Instructor(s) LaVigne, Michele
This section of Criminal Procedure is for students who do not necessarily see themselves practicing criminal law. We will of course cover the essentials of criminal procedure: policing, prosecutorial discretion and obligations, the defense function, role of the trial court judge, motions practice - particularly motions grounded in the 4th, 5th and 6th amendments, plea bargaining, the trial process, victims' rights, and sentencing. But we will approach these subjects from the perspective that while not everybody wants to practice criminal law, every lawyer needs to understand how criminal law operates and why. Guest speakers will include practitioners from various segments of the criminal justice system. Grades will be based on a short paper and a final exam.
Learning Outcomes: Introduction to Criminal Procedure (LaVigne)
This course looks at the three stages of the criminal justice system: Investigation, Adjudication & Disposition. At the end of this course, students will have a working knowledge of the constitutional principles that apply to these processes; specifically the Fourth, Fifth, Sixth, Eighth, and Fourteenth Amendments.
Because criminal justice is widely considered to be one of the civil rights issues of our time, we will also delve into the factors that affect the quality of justice. The most salient factor is discretion. Students will have an understanding of how law enforcement, the prosecution, and judges exercise discretion, and how that discretion is shaped by societal pressure and norms, implicit bias, funding, case load, departmental policy, and office/department/courthouse culture. Students will also learn how that discretion can make or break “justice.” In addition, students will learn how courts apply the constitutional principles and how those applications and interpretations directly affect the actions of other players in the system, including defense counsel.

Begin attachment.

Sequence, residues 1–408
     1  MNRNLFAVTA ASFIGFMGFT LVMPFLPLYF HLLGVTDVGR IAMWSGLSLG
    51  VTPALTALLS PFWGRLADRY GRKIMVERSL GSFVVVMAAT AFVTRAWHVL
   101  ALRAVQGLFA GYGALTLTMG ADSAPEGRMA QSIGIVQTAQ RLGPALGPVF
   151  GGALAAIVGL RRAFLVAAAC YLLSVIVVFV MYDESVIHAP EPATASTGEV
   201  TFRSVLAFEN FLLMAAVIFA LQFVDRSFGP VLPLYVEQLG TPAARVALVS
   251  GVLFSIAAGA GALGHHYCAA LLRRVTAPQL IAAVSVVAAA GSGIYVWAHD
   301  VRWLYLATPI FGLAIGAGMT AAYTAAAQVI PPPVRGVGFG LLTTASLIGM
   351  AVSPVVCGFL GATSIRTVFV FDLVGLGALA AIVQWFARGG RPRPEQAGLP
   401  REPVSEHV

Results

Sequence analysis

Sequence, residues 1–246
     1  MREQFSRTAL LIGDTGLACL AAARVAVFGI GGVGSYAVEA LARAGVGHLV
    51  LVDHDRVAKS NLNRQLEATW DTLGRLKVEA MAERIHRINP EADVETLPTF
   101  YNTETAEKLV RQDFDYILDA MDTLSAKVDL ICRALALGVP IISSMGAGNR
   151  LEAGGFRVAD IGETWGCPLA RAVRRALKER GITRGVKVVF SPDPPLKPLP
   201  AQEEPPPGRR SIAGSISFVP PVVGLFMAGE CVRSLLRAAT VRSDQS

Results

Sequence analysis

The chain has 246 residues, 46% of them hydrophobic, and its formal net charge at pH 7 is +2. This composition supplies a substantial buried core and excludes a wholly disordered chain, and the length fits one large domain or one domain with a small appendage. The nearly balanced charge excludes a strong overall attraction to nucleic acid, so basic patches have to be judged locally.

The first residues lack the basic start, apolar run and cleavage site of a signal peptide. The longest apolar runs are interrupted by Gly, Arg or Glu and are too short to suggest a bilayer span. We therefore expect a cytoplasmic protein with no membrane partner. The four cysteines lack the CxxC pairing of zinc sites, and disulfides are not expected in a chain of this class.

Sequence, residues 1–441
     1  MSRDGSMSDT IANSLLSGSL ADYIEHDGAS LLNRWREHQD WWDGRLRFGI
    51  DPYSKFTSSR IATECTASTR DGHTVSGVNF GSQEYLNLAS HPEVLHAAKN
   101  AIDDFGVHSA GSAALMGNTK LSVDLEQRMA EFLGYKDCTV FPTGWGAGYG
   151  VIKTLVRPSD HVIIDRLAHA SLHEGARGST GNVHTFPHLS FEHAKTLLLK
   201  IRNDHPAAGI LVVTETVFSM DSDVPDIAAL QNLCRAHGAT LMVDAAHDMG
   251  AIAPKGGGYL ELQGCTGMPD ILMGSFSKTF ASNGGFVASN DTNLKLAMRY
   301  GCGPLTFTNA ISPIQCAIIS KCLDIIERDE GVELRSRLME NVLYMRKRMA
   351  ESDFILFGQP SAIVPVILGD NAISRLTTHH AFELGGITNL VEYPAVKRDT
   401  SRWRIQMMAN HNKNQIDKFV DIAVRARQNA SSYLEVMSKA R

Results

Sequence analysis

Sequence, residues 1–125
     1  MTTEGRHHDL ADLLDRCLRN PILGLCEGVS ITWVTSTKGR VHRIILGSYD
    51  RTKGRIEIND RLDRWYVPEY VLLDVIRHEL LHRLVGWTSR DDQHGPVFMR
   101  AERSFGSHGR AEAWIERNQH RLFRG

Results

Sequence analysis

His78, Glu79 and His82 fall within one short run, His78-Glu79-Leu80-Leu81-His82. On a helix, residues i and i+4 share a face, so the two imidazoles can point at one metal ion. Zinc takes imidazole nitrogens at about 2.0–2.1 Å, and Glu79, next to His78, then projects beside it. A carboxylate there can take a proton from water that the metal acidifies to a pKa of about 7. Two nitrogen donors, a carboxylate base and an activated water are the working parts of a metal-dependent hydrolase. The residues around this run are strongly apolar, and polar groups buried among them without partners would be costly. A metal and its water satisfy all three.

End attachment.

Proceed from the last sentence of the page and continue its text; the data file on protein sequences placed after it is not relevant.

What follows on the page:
Of course, we cannot overlook the significance of politics and funding in the quality of justice. Students will learn how funding affects practice. This can be most clearly felt in the quality of indigent defense. Students should come away with an understanding of why the current state of indigent defense has been called a crisis.
Students will also learn about sentencing and mass-incarceration, and the role that politics and funding play.
If I have to boil this down to a single “outcome,” it is that the students will come away nuanced understanding of the complexities of the out-sized behemoth we call the criminal justice system, and why so many questions are being raised about its fairness and effectiveness.
Student performance is assessed primarily by a final exam. However, class participation and field observations will also be factored in.